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On average, US adults receive 16 pieces of junk mail a week, compared to only 1.5 personal letters, according to Ocean Futures Society. Junk mail is prolific, more than 4 million tons of unsolicited bulk mail is produced in the United States annually. It takes a lot of resources to generate that volume of bulk mail; it's around 100 million trees worth of paper every year. Imagine deforesting the entire Rocky Mountain National Park every four months just to send out brochures, catalogues, ads and other things you never asked for and don't want. Besides the 100 million trees destroyed each year for junk mail, 28 billion gallons of water and enough energy to power more than 9 million cars goes into the process of getting paper advertisements into your mailbox. By taking steps to reduce the junk mail and catalogs we receive, we are keeping trees in the forests and letting them do what they do best – generate oxygen for us to breathe and absorb carbon to keep our planet healthy.

Most junk mail could go into the recycling system and be turned back into new junk mail – recycled paper trapped in a system of printing, shipping and disposal -- but about half of the 4 million tons of junk mail produced in this country every year ends up in a landfill without ever being opened. According to Oceans Future Society, it costs the US around $320 million in local taxes to dispose of junk mail each year. Recycling the junk mail you receive is important, but to really shred your paper waste at the source, follow these four tips from Harvard Law School's Green Living Team for getting less junk mail in the first place. 

1. Cut the Credit Card Offers 

The main consumer credit reporting agencies -- TransUnion, Experian, and Equifax -- maintain mailing lists that are often used by credit card and insurance companies to send out junk mail. The good news is that you can call a single number to get your name and address removed from the mailing lists circulated by all three agencies (as well as that of a fourth company, Innovis).

  • 1-888-5-OPTOUT (1-888-567-8688)
  • www.optoutprescreen.com 

The number—which connects you to a recorded message—works 24 hours a day. When you use the website or number, you will be prompted to give your full name, address, telephone number, and social security number. (People often ask about the necessity of giving their social security number. The credit bureaus already have access to these numbers and claim that they ask for them here to confirm the requests). You may select to have your name removed for five years (can be done online or via phone), or to have your name removed permanently which requires following up by sending in a printed form.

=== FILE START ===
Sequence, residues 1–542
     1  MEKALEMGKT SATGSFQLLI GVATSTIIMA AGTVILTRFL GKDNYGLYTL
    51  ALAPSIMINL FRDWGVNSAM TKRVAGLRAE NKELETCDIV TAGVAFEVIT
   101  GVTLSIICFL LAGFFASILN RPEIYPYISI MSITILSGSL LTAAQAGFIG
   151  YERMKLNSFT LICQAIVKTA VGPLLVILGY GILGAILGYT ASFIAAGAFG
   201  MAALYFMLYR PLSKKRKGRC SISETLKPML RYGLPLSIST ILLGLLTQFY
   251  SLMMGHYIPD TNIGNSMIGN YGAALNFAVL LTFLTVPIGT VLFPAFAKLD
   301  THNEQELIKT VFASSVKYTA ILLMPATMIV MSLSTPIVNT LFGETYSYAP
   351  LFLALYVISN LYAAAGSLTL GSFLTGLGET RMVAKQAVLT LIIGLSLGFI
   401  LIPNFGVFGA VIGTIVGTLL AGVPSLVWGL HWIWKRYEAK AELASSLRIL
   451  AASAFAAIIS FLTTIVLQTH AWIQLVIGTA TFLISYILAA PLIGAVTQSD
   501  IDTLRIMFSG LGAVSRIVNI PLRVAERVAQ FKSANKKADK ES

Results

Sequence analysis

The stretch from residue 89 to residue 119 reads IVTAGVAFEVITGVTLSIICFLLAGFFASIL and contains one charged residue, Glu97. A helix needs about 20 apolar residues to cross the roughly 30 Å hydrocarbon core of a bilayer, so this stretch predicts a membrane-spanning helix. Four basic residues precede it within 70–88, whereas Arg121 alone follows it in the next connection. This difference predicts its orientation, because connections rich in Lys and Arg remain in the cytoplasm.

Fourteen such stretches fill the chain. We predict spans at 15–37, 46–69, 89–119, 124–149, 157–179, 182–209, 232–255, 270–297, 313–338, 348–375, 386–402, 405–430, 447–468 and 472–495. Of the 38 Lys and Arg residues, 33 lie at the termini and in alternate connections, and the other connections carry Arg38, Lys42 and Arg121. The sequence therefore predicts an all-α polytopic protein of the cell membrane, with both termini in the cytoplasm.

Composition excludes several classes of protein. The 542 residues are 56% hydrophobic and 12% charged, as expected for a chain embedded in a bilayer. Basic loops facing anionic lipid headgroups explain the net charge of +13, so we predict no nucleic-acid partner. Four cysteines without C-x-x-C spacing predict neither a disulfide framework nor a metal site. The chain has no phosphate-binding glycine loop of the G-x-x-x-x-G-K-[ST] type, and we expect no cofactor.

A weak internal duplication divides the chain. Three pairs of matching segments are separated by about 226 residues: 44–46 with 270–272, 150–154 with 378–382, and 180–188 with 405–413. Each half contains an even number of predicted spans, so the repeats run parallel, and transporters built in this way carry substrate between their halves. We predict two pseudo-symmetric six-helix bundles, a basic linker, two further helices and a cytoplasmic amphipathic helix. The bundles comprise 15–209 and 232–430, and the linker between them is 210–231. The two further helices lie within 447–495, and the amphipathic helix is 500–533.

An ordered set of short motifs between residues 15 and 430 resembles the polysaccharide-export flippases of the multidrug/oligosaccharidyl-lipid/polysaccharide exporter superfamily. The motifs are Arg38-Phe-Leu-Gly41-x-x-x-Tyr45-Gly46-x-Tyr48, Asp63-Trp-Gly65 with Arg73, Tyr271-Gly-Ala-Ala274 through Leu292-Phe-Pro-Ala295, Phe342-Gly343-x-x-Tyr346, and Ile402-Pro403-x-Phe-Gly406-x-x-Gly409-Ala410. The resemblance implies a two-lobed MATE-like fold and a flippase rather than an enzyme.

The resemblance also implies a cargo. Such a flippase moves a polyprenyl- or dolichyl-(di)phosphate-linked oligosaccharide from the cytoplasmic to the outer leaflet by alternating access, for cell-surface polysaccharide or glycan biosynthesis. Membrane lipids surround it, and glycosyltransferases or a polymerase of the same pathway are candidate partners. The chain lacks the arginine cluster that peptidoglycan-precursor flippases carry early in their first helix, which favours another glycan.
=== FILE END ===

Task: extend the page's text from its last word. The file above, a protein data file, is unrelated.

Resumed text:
2. Prevent Marketers from Passing Your Name Around 

 Any time you order a product by mail, enter a contest, subscribe to a magazine, send in a warranty card, or otherwise give your name and address to a company or organization, you may be placed on a mailing list. The company or organization may then rent, sell, or trade the list with your name on it. To limit your exposure, write "Please do not rent or sell my name" or "No mailing lists" next to your name. (Also consider not sending in the warranty card for a new product; it's usually not required.)


3. Ask Companies to Stop Sending Catalogs 

If you receive unwanted catalogs or other mail from specific sources, call the (often toll-free) customer service number of the organization or business. Request that your name be removed from their mailing list. Other options are to make your request via e-mail from the company's website, or via letter or postcard. Since the mailing label will help the company identify how you are listed in its files, have the label handy when you call, or tape it to the postcard if you make a written request. Sign and date your request.


4. Opt-Out of Junk Mail

 

There are several online services you can use to remove your name from catalog and credit card lists and other databases:

41pounds.org can help you eliminate 80–95 percent of junk mailings by contacting dozens of direct marketers on your behalf. The one-time fee of $41 covers every adult in your household for five years, and more than a third of this fee is donated to the environmental or community organization of your choice.

Catalog Choice offers two options: a free service that sends opt-out requests for individual companies that are already marketing to you, and a premium "unlisting" service that, for an annual donation of $20 or more, is designed to remove your name from data brokers who sell your contact information to marketers.

You can register online with the Direct Marketing Association's (DMA) Mail Preference Service to remove your name from national mailing lists.

Contact Publishers Clearinghouse (by phone at 800.645.9242 or by e-mail: privacychoices@pchmail.com) and Readers Digest (by phone at 800.310.6261) to be removed from sweepstakes lists.

Contact CoxTarget to stop receiving Val-Pak coupons.


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